Galactic center visualization delivers star power
Want to take a trip to the center of the Milky Way? Check out a new immersive, ultra-high-definition visualization. This 360-movie offers an unparalleled opportunity to look around the center of the galaxy, from the vantage point of the central supermassive black hole, in any direction the user chooses.
By combining NASA Ames supercomputer simulations with data from NASA's Chandra X-ray Observatory, this visualization provides a new perspective of what is happening in and around the center of the Milky Way. It shows the effects of dozens of massive stellar giants with fierce winds blowing off their surfaces in the region a few light years away from the supermassive black hole known as Sagittarius A* (Sgr A* for short).
These winds provide a buffet of material for the supermassive black hole to potentially feed upon. As in a previous visualization, the viewer can observe dense clumps of material streaming toward Sgr A*. These clumps formed when winds from the massive stars near Sgr A* collide. Along with watching the motion of these clumps, viewers can watch as relatively low-density gas falls toward Sgr A*. In this new visualization, the blue and cyan colors represent X-ray emission from hot gas, with temperatures of tens of millions of degrees; red shows moderately dense regions of cooler gas, with temperatures of tens of thousands of degrees; and yellow shows of the cooler gas with the highest densities.
A collection of X-ray-emitting gas is seen to move slowly when it is far away from Sgr A*, and then pick up speed and whip around the viewer as it comes inwards. Sometimes clumps of gas will collide with gas ejected by other stars, resulting in a flash of X-rays when the gas is heated up, and then it quickly cools down. Farther away from the viewer, the movie also shows collisions of fast stellar winds producing X-rays. These collisions are thought to provide the dominant source of hot gas that is seen by Chandra.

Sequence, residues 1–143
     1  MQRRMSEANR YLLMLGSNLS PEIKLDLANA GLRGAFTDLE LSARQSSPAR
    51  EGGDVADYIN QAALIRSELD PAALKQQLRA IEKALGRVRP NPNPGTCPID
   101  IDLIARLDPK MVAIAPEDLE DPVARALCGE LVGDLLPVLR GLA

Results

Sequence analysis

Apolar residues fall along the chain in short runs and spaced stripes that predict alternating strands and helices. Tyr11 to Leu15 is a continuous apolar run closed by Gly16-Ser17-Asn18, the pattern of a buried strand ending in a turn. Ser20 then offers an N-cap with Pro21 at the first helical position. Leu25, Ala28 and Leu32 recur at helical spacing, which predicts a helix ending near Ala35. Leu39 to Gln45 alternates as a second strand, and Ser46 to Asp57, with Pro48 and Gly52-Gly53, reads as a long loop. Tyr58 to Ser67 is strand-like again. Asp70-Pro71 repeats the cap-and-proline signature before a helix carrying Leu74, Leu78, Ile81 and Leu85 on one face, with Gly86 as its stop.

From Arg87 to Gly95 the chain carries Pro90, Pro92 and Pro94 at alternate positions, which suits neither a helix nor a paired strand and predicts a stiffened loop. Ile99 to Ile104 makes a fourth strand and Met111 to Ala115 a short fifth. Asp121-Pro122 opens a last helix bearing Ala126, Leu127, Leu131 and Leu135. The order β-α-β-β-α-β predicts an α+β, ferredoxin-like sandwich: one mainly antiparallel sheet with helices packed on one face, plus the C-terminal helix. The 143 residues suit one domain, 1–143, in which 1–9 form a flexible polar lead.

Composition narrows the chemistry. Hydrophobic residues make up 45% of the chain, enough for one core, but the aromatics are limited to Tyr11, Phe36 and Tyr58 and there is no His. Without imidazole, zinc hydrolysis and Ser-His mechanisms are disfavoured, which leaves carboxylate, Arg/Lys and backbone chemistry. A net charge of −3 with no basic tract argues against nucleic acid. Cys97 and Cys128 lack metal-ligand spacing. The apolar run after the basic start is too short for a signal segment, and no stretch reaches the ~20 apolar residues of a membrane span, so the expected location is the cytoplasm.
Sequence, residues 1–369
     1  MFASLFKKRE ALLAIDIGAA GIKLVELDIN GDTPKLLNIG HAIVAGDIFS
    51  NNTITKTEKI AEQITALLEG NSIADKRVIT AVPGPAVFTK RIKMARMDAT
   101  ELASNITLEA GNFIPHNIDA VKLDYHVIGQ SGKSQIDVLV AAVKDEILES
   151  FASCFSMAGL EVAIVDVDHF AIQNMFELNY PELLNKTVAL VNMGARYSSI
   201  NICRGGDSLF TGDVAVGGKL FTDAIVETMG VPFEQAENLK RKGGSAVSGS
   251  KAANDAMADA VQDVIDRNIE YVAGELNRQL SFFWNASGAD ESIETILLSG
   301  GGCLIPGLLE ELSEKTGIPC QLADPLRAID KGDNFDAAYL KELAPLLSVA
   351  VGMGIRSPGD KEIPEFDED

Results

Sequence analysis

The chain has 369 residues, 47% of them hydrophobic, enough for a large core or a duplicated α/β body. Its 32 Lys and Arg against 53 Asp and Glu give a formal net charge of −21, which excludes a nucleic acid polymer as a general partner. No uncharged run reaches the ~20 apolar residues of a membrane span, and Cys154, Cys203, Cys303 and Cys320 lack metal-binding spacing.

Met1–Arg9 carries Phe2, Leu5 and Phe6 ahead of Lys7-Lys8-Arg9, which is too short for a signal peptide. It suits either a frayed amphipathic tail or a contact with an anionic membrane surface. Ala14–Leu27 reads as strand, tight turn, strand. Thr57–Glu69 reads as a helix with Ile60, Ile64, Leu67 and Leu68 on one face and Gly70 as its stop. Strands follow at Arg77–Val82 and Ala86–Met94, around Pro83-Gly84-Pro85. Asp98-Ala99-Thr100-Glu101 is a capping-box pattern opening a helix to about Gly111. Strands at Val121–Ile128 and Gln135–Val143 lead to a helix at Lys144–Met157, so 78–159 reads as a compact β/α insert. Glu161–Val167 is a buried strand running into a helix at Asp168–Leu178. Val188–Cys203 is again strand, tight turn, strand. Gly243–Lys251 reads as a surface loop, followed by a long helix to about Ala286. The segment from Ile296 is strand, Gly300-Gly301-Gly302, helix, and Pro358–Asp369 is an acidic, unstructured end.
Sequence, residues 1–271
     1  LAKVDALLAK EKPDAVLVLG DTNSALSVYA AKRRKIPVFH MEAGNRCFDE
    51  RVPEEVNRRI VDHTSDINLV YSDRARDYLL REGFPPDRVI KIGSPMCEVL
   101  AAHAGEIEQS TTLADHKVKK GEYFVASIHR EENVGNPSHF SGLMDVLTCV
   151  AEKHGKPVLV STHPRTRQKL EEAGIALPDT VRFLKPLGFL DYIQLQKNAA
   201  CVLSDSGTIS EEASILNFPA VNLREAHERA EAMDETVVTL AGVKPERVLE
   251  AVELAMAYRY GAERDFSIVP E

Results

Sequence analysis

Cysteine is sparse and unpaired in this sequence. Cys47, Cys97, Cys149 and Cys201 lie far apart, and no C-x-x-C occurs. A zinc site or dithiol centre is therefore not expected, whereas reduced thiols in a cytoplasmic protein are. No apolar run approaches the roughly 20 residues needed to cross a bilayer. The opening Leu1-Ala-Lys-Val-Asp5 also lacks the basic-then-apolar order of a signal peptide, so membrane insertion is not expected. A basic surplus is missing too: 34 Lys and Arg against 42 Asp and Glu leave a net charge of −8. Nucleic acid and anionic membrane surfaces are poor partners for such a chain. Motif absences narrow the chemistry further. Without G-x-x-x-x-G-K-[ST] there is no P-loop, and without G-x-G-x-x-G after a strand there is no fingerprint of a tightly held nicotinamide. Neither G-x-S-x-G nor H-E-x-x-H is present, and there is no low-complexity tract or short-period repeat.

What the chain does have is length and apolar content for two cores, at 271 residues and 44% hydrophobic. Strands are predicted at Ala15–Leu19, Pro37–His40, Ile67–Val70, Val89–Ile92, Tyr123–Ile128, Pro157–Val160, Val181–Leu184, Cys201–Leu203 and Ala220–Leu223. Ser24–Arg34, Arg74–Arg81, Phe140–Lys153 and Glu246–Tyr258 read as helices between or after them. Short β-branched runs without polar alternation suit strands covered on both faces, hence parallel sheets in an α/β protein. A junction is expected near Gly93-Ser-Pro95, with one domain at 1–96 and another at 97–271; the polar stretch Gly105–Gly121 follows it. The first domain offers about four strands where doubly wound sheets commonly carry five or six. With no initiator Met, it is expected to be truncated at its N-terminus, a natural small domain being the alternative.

When an outburst occurs from gas very near the black hole, the ejected gas collides with material flowing away from the massive stars in winds, pushing this material backwards and causing it to glow in X-rays. When the outburst dies down the winds return to normal and the X-rays fade.
The 360-degree video of the Galactic Center is ideally viewed through virtual reality (VR) goggles, such as Samsung Gear VR or Google Cardboard. The video can also be viewed on smartphones using the YouTube app. Moving the phone around reveals a different portion of the movie, mimicking the effect in the VR goggles. Finally, most browsers on a computer also allow 360-degree videos to be shown on YouTube. To look around, either click and drag the video, or click the direction pad in the corner.
Dr. Christopher Russell of the Pontificia Universidad Católica de Chile (Pontifical Catholic University) presented the new visualization at the 17th meeting of the High-Energy Astrophysics (HEAD) of the American Astronomical Society held in Monterey, Calif. NASA's Marshall Space Flight Center in Huntsville, Alabama, manages the Chandra program for NASA's Science Mission Directorate in Washington. The Smithsonian Astrophysical Observatory in Cambridge, Massachusetts, controls Chandra's science and flight operations.